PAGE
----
Cesspool phase-out dead for this year
Homebuyers won’t have to close down cesspools and tie into sewers or build approved septic systems that could cost as much as $15,000 this year, but the effort to close what is considered a polluter of ground water is far from over.
In the closing days of the General Assembly environmentalists and Realtors offered two sides to the issue as they focused on an amendment to the Cesspool Act of 2007.
The initial act requires homes within 200 feet of a shoreline or fresh water supply to replace their cesspools with a septic system or to connect to sewers.
Introduced by Representative Teresa Tanzi (D-Dist. 34), in an effort to continue cesspool phase out throughout the state, the amendment would have obligated any homebuyer to similarly do the same within 12 months of the sale or transfer of a house.
The legislation was on the calendar for the full Senate after it gained passage by the Senate Committee on the Environment and Agriculture. The full Senate kept delaying action on the bill until it was too late and the General Assembly adjourned.
Larry Berman, the director of communications for the Speaker of the House, explained that the bill and many like it have been put in front of the Senate and it still hasn’t passed.
“It just wasn’t the year, it just hasn’t made it yet,” he said.
Although the Senate did not pass the bill, it did cause a lot of conversation on the issue.
The Rhode Island Realtors Association (RIRA) feared the bill would have damaged the housing market by causing too much of a financial burden on buyers and discouraging people from purchasing. The association claimed this would have set back the already frail housing market in Rhode Island.
Monica Staaf, legal counsel for the RIRA, said last week, “We see this as a win for us and for our clients.”
Staaf assured that Realtors believe in clean water and agree that the cesspools need to be phased out, but it needs to be done in a way that does not hinder such a delicate market. The legislation would have added $10,000 to $15,000 to the price of a home that had a cesspool, she said.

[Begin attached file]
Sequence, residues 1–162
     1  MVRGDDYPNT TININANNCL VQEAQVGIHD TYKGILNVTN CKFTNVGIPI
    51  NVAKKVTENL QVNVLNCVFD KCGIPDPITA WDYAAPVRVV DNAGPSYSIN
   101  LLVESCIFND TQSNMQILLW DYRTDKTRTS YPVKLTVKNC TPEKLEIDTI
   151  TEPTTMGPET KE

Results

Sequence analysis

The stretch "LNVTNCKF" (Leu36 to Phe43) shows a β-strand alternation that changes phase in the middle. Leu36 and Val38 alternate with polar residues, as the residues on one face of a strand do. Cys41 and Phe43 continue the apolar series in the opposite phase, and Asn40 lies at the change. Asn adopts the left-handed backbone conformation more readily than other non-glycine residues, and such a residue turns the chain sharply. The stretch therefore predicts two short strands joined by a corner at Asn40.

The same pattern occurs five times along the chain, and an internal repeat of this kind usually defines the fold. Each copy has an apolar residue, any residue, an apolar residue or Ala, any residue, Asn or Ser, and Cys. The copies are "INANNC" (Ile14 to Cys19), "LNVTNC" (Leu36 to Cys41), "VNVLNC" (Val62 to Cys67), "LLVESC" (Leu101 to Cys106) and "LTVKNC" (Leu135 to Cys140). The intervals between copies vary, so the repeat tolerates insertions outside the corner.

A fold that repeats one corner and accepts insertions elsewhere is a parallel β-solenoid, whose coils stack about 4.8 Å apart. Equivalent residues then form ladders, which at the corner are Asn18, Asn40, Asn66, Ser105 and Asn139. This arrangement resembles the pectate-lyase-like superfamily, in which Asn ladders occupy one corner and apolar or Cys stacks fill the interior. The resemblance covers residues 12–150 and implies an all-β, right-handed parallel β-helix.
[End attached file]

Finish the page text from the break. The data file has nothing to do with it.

The bill was loosely based on Massachusetts’ legislation, but Staaf said Rhode Island’s bill didn’t look at what made the Massachusetts bill so successful. In Massachusetts, low interest loans were available and new homeowners could use tax credit to replace their cesspool systems.
“If this was truly a public health issue,” Staaf said, “why doesn’t everyone have to do it? Why are people in the market for a new home being singled out?”
The Department of Environmental Management (DEM) plans to meet with town and city councils of municipalities that do not offer low interest loans for new systems to convince them to start. RIRA has offered to speak at those meetings and show support.
Robert Martin, president of RIRA, agreed and said that the bill was too harsh on buyers and there needs to be a “funding mechanism” in place before a bill like this passes. Similar bills have been proposed throughout the years.
“We worked diligently to defeat this bill,” Martin said. “As presented, the bill was bad legislation for the blue collar individual buying a home with a cesspool. It would just compound hardship on any buyer and the market as a whole.”